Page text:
07.01.21 (Thur)

10.00 am

KESM Industries Bhd (AGM)

KESM saw a 22% decline in revenue to RM241 million in FY20 as compared to RM307.4 million in FY19 due to lower volume for burn-in, testing and EMS. The significant drop in U.S. car sales, coupled with the impact of the COVID-19 pandemic has affected its performance.

However, its net profit plummeted to RM96,000 (FY19: RM6.3 million).

Nevertheless, it expects the demand, particularly for electric vehicles to improve progressively from January 2021 onwards.

07.01.21 (Thur)

10.00 am

KESM Industries Bhd (EGM)

The EGM is to seek shareholders’ approval for its proposed renewal of existing shareholders' mandate for recurrent related party transactions for a revenue or trading nature.

08.01.21 (Fri)

10.30 am

V.S. Industry Bhd

V.S. revenue in FY2020 declined 18.5% y-o-y to RM3.24 billion due to the

imposition of MCO in Malaysia, resulted in the temporary stoppage in production, and lower order volume from one of its key customers.

Thus, its net profit dropped to RM116.5 million in FY2020 from RM165.4 million in FY2019. However, the Board believes that V.S. will perform better in FY2021, buoyed by the recovery of global and local markets and trade diversion opportunities from US-China trade war.


One of the points of interest to be raised:


Points/Issues to Be Raised

Top Glove Corporation Bhd (AGM)

Top Glove was in the news in December 2020 as it was reported that the Labour Department had ordered a probe into the alleged poor living conditions in some of its workers’ dormitories. Although the Company had recorded stellar financial performance for FYE 2020, its perceived lack of attention to the living conditions of its workers may tarnish its reputation among investors who weighed ESG (Environment, Social, Governance) considerations as their prime yardstick for their investments. The Company’s attention towards this matter is especially pressing as it’s a member of the Dow Jones Sustainability Indices (DJSI) for Emerging Markets.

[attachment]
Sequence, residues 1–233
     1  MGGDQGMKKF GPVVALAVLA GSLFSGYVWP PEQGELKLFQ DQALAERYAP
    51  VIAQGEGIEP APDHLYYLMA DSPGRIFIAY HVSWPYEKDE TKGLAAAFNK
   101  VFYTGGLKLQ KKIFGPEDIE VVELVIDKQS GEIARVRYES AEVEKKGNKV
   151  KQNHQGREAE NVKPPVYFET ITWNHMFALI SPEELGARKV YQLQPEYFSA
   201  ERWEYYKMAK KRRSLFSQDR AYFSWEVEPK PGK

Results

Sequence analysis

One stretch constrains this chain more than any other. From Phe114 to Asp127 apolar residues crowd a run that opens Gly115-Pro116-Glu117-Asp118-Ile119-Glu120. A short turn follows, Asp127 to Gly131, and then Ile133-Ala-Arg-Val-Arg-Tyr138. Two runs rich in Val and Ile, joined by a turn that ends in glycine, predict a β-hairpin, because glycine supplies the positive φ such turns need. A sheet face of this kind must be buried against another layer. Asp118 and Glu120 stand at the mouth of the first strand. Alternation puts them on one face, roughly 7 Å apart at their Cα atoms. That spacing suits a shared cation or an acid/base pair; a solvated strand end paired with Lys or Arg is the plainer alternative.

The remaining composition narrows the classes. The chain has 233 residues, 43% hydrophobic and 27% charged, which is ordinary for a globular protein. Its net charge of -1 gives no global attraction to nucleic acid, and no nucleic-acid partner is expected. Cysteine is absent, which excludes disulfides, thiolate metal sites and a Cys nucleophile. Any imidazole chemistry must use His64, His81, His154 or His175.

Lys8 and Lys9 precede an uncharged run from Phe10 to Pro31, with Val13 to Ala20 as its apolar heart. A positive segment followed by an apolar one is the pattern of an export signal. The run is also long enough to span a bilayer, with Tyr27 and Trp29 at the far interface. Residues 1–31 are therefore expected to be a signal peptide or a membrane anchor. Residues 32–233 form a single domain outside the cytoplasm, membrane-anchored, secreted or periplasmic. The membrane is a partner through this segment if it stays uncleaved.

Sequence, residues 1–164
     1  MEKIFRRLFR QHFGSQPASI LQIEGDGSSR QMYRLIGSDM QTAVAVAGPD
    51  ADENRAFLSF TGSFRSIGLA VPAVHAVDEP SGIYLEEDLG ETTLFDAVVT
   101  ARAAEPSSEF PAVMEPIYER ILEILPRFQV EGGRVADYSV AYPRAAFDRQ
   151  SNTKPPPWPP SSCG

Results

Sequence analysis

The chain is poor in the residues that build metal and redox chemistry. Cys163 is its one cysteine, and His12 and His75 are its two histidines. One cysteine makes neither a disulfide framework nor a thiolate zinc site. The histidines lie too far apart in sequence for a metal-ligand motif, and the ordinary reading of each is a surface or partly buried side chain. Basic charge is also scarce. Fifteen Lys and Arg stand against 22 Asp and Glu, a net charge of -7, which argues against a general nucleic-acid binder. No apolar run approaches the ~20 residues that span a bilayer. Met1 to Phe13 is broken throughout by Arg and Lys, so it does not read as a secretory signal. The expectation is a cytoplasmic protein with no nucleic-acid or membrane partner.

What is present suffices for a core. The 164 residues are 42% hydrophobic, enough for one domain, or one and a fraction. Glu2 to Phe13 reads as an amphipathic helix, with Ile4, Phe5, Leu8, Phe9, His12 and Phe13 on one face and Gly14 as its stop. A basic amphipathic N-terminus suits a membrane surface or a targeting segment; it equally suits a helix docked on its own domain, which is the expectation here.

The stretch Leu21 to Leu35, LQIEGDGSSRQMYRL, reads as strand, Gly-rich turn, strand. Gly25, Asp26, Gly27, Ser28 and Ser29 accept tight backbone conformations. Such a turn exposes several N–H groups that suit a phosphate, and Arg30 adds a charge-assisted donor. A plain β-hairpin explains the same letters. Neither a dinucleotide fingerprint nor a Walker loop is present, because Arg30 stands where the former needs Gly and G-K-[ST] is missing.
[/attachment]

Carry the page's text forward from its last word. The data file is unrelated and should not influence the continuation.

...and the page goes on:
What are the measures being taken by the Company to address the issue of poor living conditions for workers in some of its dormitories?

KESM Industries Bhd (AGM)

‘Write-down of inventories’ increased to RM1.4 million (2019: RM0.2 million) (page 69 of AR2020).

  1. What were the reasons for the huge increase in write-down of inventories?
  2. Are the inventories written down still salable? Are there any foreseeable write-downs for the financial year ending 2021?

SYF Resources Bhd (AGM)

The Company has been in a loss-making position for the last 3 financial years. (FYE 2018 to FYE 2020)

For FYE 2020, the Company managed to reduce its after tax loss position from RM44 million in the previous year to RM19.8 million.

What are the measures being taken by the Company to ensure that it returns to profitability in FYE 2021?

V.S. Industry Bhd

The team made major breakthroughs by successfully securing two new customers from the US in August and October 2020 respectively, both of which were a result of the trade diversion. (Page 9 of AR).

How substantial are the contracts and the respective contract periods, with these two new customers, if any? Is the Group expecting securing further contracts in the short or medium term arising from the trade diversion?



Devanesan Evanson, Chief Executive Officer, ([email protected])

Linnert Hoo, Head, Research & Development, ([email protected])

Norhisam Sidek, Manager, Corporate Monitoring, ([email protected])

Lee Chee Meng, Manager, Corporate Monitoring, ([email protected])

Elaine Choo Yi Ling, Manager, Corporate Monitoring, ([email protected])

Lim Cian Yai, Manager, Corporate Monitoring, ([email protected])

Ranjit Singh, Manager, Corporate Monitoring, ([email protected])

Nor Khalidah Mohd Khalil, Executive, Corporate Monitoring, ([email protected])



•With regard to the companies mentioned, MSWG holds a minimum number of shares in all these companies covered in this newsletter.